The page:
But the real problem with the study design of this “T Trial”, is that the clinical endpoints are subjective parameters that, even if testosterone were shown to improve, could be better and more safely improved via subjective means, as opposed to via some testosterone gel. No one could argue against the project of men over 65 feeling more vitality, but I think that in that project, what the patient can do for himself, what he needs to have learned to do for himself by age 65, so far exceeds the furthest prospect of what restoring the testosterone levels of a 19 year-old might do for him, that it really is never going to justify the risks of the testosterone “repletion”.

Yes, there is the bit about the blood count they threw in. They talk about it on the website as if increasing blood counts were one of the wonderful things that testosterone repletion might do. It is true that any significant testosterone dosage they manage to get into the bloodstream will tend to produce increased blood counts, but we know that already, we observe it often enough in the folks who get this “treatment” already. I had a patient who got a stroke from sludging when this “treatment” drove his counts up to dangerous levels. Mucking around with people’s blood counts is a bug, not a feature. If one or more of their counts are low pre-treatment, the answer is not to just give them testosterone and claim some clinical success when the counts go up, the answer is to figure out why the counts are low.

They actually are probably measuring blood counts mainly to monitor against the possibility of increasing them too excessively, which is certainly the responsible thing to do. I also assume that they refer people with counts that, based on quantitative range, and/or qualitative pattern, suggest some disease at work, rather than just the non-specific low counts of old age, for evaluation for such diseases; which is the responsible thing to do. But it is definitely not the responsible thing to do to advertise increases in blood count as a potential benefit of this “therapy”, certainly not on a website designed to recruit test subjects.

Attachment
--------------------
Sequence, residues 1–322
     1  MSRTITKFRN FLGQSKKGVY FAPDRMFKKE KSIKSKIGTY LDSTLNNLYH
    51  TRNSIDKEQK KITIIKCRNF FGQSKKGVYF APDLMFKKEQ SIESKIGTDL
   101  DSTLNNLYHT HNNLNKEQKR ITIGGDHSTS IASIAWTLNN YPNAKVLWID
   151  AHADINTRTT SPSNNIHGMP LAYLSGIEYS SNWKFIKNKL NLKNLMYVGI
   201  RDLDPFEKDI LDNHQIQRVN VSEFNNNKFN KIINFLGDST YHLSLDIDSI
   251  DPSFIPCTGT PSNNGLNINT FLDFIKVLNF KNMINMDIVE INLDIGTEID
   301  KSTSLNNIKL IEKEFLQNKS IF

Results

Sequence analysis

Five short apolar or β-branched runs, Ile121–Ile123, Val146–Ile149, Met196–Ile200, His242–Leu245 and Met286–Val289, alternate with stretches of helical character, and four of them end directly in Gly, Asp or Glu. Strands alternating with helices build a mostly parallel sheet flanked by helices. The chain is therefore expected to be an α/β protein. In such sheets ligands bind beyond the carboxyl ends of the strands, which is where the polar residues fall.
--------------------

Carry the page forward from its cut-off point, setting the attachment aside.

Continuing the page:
lemmy caution 01.23.10 at 1:03 am

It looks testosterone therapy has a big downside and a weak upside. I wouldn’t have expected that from that anecdotal reports like that Sullivan article.


bianca steele 01.23.10 at 1:11 am

I remember that Sullivan article well.


Matt McIrvin 01.23.10 at 3:45 am

How does this result relate to claims of hormonally-induced “roid rages” in people abusing anabolic steroids? Is that also placebo effect, or something socially induced in the sort of people who abuse steroids; or is the supposed phenomenon just an element of “Reefer Madness”-like antidrug propaganda? Have there been well-controlled studies of this?


Hungover Guy 01.24.10 at 12:20 am

As much as I can understand right now, I think you’re right!